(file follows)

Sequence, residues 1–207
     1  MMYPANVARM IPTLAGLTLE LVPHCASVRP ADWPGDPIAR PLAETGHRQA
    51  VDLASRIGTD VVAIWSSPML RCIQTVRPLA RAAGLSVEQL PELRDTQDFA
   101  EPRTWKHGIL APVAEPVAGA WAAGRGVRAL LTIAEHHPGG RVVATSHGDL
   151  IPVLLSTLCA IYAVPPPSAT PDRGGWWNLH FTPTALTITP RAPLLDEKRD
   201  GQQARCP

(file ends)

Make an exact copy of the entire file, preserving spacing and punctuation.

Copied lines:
Sequence, residues 1–207
     1  MMYPANVARM IPTLAGLTLE LVPHCASVRP ADWPGDPIAR PLAETGHRQA
    51  VDLASRIGTD VVAIWSSPML RCIQTVRPLA RAAGLSVEQL PELRDTQDFA
   101  EPRTWKHGIL APVAEPVAGA WAAGRGVRAL LTIAEHHPGG RVVATSHGDL
   151  IPVLLSTLCA IYAVPPPSAT PDRGGWWNLH FTPTALTITP RAPLLDEKRD
   201  GQQARCP